Objectives: Evaluation of the prevalence, diagnostic procedures and clinical outcome of infections of aortoiliac
and aortofemoral vascular grafts presented in our centre.
Design: Retrospective study.
Materials: All patients who underwent a surgical aortoiliac
or aortofemoral revascularisation between 1991 and 2001.
Methods: Evaluation of several hospital databases.
Results: 32 cases of aortoiliac and aortofemoral vascular
graft infection with varied clinical presentation were found. Enteral bleeding was the first clinical manifestation in 31% of the cases, inguinal swelling, wound, or fistula in 59% and fever or sepsis in 6.3%. In 3% the cause was unknown. The vast majority (84.5%) of the infections presented three or more months after surgery (late infections). In cases of enteral bleeding, endoscopy procedures only revealed the diagnosis in 55%. Diagnostic algorithms including an abdominal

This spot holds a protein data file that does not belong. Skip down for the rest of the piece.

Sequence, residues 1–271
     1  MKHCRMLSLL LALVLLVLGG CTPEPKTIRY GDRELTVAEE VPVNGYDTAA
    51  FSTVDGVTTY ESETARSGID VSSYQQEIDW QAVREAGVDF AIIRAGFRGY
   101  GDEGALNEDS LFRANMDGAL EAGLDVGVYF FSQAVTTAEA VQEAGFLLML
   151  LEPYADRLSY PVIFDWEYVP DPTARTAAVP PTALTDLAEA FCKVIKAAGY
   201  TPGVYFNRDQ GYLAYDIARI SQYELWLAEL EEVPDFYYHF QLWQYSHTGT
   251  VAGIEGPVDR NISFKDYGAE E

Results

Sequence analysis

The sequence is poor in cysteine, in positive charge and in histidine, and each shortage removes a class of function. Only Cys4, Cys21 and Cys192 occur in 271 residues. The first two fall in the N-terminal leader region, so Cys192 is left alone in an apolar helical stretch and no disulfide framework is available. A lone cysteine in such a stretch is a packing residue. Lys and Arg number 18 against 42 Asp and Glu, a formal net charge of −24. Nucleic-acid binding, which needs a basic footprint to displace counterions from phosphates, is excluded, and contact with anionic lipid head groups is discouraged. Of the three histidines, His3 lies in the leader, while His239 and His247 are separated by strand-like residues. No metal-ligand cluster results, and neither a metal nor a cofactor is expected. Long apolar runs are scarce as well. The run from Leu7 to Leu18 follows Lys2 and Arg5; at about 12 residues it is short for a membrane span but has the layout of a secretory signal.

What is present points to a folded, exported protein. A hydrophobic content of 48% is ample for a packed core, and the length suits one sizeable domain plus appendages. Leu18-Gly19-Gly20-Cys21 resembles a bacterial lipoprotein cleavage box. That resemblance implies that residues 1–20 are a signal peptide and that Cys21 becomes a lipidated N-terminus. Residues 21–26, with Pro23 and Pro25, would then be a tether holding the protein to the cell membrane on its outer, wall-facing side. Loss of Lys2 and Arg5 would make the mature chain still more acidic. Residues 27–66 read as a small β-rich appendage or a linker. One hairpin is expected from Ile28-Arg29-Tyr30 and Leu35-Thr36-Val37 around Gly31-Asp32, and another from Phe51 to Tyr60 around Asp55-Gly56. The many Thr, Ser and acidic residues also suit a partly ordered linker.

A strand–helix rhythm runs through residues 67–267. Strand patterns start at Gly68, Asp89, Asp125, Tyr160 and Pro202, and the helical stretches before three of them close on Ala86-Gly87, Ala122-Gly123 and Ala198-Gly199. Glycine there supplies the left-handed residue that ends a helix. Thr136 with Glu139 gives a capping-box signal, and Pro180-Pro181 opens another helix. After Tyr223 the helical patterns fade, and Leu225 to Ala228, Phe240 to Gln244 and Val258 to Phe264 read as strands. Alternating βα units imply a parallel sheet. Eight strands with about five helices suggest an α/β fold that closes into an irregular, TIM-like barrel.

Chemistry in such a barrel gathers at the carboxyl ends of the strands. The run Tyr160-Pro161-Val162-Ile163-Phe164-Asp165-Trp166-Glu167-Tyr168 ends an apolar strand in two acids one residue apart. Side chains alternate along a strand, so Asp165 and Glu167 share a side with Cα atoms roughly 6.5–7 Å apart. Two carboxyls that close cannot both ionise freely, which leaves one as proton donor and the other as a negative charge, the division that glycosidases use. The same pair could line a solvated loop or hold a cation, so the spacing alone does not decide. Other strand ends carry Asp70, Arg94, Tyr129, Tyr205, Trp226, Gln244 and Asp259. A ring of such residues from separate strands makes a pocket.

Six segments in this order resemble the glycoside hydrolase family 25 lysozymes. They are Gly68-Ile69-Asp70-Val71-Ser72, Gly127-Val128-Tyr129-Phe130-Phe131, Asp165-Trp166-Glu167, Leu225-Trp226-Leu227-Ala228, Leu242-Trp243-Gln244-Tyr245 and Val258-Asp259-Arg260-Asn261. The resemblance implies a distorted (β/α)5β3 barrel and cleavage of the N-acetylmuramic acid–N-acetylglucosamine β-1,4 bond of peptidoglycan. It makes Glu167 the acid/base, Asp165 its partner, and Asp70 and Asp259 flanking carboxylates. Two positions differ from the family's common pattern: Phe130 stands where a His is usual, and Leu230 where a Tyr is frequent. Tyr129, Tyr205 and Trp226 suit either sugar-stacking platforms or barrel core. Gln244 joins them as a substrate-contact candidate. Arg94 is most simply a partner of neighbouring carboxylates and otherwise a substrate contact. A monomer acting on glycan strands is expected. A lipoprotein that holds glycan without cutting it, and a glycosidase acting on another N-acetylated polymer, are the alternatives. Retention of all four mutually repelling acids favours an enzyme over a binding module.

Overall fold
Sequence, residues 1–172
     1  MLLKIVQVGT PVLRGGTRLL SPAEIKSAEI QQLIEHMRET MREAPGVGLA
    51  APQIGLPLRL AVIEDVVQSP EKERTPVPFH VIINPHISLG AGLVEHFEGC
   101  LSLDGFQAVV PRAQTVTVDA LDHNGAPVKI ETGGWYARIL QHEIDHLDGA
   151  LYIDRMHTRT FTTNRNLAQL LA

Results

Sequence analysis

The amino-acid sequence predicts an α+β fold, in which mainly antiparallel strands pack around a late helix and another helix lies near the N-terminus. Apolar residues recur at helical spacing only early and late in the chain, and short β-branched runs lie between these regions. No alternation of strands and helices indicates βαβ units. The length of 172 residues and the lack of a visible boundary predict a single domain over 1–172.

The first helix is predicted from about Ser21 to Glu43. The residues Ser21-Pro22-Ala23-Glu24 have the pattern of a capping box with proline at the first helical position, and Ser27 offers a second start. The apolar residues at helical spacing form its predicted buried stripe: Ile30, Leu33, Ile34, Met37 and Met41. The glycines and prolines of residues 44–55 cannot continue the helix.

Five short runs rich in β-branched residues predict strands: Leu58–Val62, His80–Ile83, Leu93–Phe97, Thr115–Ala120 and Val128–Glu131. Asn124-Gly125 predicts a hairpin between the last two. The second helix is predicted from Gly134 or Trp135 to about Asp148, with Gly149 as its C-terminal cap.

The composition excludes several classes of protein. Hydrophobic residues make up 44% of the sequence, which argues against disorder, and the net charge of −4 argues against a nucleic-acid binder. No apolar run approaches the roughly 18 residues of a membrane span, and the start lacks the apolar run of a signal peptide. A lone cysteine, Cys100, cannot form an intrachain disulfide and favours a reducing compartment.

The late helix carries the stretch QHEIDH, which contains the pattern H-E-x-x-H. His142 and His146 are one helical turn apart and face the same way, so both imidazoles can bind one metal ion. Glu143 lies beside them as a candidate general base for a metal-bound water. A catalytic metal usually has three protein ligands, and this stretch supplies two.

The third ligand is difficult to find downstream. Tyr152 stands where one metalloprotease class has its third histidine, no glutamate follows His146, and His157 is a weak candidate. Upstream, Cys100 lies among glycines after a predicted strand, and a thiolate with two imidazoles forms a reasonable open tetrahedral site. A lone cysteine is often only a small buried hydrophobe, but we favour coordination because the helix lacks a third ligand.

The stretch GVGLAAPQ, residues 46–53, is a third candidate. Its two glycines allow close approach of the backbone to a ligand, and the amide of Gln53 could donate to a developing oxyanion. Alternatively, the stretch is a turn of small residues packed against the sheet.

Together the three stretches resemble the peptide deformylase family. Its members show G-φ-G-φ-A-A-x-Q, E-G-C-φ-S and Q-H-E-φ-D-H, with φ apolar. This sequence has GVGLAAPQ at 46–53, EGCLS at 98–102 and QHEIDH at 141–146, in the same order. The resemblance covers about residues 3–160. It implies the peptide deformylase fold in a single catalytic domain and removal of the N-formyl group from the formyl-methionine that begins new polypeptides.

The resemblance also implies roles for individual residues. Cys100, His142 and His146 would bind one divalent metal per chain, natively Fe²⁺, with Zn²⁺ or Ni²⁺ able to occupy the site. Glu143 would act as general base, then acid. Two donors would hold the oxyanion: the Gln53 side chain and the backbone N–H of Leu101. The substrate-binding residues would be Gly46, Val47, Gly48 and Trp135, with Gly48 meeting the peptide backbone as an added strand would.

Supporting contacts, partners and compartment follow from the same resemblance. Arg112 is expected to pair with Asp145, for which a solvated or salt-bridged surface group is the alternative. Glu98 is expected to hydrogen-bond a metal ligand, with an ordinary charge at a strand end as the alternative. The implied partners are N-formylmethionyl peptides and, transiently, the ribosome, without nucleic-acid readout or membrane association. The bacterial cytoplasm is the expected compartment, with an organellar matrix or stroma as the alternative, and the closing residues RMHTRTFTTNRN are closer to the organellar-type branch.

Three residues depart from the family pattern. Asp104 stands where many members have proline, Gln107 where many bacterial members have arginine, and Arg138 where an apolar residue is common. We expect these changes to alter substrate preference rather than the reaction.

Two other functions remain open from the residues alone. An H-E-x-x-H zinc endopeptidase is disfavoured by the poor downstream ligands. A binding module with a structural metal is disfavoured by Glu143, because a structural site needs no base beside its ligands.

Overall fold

CT scan appeared to have a sensitivity of 94% for
establishing an accurate diagnosis. Remarkably, no specific risk factors for graft infection could be demonstrated. Furthermore, a 30-day survival of 20% or less was observed in early graft infections, whereas late infections managed with extra-anatomical bypasses appeared to have a better survival rate of up to 70%.
Conclusion: Endoscopy in cases of enteral bleeding and CT scanning overall were shown to be very useful for establishing the diagnosis. Clinical outcome and survival after treatment remain poor.